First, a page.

By GILLIAN SLADE on March 6, 2019.
The number of Medical Assistance In Dying cases in Alberta has now reached 600, with 70 in the south zone, according to Alberta Health Services data.
It works out at 4.6 cases a week averaged over the past two-and-a-half years for the province – 5.9 per week in 2018, which had a total of 307.
AHS medical director Dr. Jim Silvius attributes the increase last year to more awareness among Albertans.
“More comfort that people had with the whole idea and probably greater awareness that this is an option and that there is a service out there to support people to do this,” said Silvius.
Increasingly, people know someone who has been through MAID with a family member and they are talking about the experience, said Silvius.
From Feb. 6 to June 17, 2016, medically assisted death was only possible with a court order. During this time there were six assisted deaths in Alberta.
Federal legislation kicked in on June 17, 2016 removing the need for a court order. From that point to the end of December that year there were a total of 63 MAID deaths in Alberta. There were 205 in 2017.
Silvius says since the initial AHS guide for MAID, first published in the fall of 2016, there have been a number of changes including how AHS responds to inquiries. People are in different stages of thought about MAID. Some want basic information while others are ready to proceed.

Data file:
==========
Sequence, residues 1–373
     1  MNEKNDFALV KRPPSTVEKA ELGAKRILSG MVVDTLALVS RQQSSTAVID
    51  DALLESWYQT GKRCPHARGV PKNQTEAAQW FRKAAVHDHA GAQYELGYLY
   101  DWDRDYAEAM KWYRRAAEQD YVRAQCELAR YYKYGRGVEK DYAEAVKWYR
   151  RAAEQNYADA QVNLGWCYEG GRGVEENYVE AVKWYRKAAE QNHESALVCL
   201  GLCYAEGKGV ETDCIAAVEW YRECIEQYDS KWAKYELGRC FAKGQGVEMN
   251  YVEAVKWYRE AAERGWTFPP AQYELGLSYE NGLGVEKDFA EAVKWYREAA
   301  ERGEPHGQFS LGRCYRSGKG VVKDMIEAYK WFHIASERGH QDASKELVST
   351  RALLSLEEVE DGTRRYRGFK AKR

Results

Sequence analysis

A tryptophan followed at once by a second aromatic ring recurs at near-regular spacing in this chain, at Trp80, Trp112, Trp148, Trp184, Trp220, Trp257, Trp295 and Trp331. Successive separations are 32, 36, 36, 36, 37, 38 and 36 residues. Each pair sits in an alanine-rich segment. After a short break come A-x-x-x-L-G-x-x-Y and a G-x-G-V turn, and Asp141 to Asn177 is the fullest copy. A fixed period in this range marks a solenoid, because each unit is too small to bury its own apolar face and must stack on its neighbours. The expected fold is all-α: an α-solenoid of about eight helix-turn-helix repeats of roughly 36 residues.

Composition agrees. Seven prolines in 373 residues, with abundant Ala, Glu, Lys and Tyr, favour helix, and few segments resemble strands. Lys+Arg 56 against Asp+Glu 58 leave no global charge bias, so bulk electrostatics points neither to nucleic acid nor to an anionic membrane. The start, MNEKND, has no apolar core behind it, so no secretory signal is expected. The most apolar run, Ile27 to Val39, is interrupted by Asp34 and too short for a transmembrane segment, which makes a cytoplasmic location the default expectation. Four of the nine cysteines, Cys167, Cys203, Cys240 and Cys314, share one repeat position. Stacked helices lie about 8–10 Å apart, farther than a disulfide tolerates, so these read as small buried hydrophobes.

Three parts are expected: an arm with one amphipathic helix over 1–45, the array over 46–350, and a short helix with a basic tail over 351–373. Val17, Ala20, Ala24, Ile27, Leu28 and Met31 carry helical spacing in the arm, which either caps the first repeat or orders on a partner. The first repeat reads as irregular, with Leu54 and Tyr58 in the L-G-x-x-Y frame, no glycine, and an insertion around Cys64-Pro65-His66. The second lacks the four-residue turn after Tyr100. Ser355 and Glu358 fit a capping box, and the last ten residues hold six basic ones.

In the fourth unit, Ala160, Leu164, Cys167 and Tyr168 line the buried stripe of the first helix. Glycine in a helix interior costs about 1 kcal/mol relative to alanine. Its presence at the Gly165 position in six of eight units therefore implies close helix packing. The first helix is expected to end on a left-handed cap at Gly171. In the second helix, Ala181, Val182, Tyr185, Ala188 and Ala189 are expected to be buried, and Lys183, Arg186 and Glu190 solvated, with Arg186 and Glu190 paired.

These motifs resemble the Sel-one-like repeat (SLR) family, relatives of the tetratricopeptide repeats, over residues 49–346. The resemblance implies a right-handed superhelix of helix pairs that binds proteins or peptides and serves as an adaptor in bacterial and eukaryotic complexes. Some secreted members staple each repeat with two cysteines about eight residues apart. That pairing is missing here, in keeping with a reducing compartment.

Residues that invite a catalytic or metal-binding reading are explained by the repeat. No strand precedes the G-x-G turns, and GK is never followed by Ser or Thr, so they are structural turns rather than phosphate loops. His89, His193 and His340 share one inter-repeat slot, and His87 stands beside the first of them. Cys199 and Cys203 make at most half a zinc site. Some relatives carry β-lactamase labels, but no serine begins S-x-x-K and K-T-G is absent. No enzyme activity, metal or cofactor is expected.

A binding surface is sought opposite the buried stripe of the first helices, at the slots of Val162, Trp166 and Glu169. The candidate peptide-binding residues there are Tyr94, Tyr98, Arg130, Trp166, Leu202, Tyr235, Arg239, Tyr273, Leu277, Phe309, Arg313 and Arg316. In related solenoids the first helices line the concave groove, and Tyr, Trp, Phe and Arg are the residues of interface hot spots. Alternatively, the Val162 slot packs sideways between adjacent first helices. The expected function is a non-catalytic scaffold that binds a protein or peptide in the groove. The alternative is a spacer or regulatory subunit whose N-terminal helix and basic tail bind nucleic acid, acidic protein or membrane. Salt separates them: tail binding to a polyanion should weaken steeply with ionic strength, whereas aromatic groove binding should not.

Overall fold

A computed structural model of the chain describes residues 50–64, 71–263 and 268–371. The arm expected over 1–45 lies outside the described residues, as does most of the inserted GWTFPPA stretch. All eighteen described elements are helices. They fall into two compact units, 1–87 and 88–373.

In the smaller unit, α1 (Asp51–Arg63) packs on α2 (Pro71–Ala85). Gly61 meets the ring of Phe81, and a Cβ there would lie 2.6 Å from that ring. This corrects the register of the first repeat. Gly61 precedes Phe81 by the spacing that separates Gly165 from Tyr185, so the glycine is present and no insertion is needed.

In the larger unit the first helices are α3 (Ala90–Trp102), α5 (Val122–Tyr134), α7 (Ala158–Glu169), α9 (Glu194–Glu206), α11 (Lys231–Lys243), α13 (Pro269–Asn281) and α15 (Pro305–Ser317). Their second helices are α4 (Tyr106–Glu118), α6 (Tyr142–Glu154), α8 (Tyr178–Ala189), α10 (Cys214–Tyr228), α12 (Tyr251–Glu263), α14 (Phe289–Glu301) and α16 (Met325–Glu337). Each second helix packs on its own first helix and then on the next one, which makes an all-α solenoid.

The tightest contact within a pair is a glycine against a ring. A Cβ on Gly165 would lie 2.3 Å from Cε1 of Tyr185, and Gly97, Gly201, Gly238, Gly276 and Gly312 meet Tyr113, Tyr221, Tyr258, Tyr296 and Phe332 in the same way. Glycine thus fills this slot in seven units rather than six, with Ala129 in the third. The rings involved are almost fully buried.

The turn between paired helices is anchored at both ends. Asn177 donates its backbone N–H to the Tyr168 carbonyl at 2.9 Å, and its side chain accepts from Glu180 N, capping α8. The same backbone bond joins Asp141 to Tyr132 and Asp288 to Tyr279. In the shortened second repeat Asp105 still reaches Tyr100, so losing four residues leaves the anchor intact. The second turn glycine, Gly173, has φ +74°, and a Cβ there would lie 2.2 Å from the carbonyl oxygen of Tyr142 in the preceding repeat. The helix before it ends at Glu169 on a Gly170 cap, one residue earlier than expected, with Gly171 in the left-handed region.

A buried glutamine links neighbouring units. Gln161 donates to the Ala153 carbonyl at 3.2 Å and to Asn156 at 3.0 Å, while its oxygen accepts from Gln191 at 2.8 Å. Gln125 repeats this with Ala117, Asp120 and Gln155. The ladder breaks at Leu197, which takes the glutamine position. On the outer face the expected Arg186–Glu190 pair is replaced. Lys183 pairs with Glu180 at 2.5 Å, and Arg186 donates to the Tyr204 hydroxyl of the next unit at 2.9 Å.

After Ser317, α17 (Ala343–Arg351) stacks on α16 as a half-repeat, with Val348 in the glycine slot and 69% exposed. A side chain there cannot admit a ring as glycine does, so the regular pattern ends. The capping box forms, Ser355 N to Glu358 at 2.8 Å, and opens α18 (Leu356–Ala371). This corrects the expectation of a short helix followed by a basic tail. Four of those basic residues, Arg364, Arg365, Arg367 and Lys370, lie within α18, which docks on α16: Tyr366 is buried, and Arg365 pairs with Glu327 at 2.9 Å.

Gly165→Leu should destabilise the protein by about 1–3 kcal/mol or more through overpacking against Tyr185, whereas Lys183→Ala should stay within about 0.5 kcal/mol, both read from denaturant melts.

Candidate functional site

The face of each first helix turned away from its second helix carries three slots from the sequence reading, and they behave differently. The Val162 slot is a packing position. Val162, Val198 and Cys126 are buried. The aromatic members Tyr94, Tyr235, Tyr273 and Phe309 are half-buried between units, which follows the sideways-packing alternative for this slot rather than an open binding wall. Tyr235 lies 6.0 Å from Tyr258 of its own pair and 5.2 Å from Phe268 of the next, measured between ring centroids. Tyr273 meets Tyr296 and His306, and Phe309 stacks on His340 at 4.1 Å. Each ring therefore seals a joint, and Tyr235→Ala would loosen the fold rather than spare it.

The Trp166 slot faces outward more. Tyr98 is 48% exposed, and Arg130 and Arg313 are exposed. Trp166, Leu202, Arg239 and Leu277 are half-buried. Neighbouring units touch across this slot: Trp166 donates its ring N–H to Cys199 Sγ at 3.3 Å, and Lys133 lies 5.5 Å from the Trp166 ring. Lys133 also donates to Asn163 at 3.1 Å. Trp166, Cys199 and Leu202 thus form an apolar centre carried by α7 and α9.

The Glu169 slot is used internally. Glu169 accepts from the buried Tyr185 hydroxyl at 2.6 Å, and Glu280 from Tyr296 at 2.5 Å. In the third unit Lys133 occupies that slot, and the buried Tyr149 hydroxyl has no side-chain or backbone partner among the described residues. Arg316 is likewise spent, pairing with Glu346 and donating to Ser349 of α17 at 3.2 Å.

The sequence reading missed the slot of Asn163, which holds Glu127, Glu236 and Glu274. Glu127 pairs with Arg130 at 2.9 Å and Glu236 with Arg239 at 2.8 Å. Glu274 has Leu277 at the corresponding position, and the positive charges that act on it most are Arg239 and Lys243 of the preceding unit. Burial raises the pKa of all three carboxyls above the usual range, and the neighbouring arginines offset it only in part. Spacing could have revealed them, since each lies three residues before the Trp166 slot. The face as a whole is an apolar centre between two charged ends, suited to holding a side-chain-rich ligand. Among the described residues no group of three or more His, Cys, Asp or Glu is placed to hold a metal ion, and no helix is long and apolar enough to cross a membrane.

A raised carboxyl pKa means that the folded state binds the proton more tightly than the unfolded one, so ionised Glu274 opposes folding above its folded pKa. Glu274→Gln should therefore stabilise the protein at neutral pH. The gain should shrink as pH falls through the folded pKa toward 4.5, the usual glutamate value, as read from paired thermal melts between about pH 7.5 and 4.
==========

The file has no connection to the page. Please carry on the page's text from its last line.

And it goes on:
Silvius says, particularly among people who have cancers, the decision for MAID is being made quite late and that has meant trying to respond quickly.
“We are not really structured to do that,” said Silvius. “We do not have assessors and provisioners on call. If you are outside of a major centre it can take a few days to find somebody to come and do the assessment.”
Ideally there would be assessors and provisioners to call on in every area of the province but we are not there yet, said Silvius. The number of people providing these services is fairly small but is slowly increasing. Those willing to do assessments is increasing with a number of family physicians comfortable doing so even if they have not officially identified themselves as such to the MAID program.
Silvius says he believes one of the reasons some may not be comfortable being a provisioner of the service is due to their lack of familiarity and comfort level with the drugs that are used.
“That’s my guess. I do think there are others who have not come around in their thinking to be prepared to cause somebody’s death,” said Silvius.
The number of provisioners who have publicly identified themselves is limited and that is a decision left up to them, he said.
One of the big changes to MAID criteria in Alberta is that the body of the deceased no longer has to be transported to the medical examiner, said Silvius. This change was made last fall.
Of the 600 cases so far, 379 were carried out in a facility and 221 in the community, according to the AHS report. A total of 64 patients were transferred from mainly faith-based facilities in order to receive MAID and 12 were transferred from non-faith-based facilities to a participating facility or to the patient’s home.
Silvius says some facilities do not participate in MAID even though they are not faith-based.
According to AHS data there continue to be four main health conditions that contribute to those seeking MAID: cancer, multiple sclerosis (MS), amyotrophic lateral sclerosis (ALS) and advanced lung disease.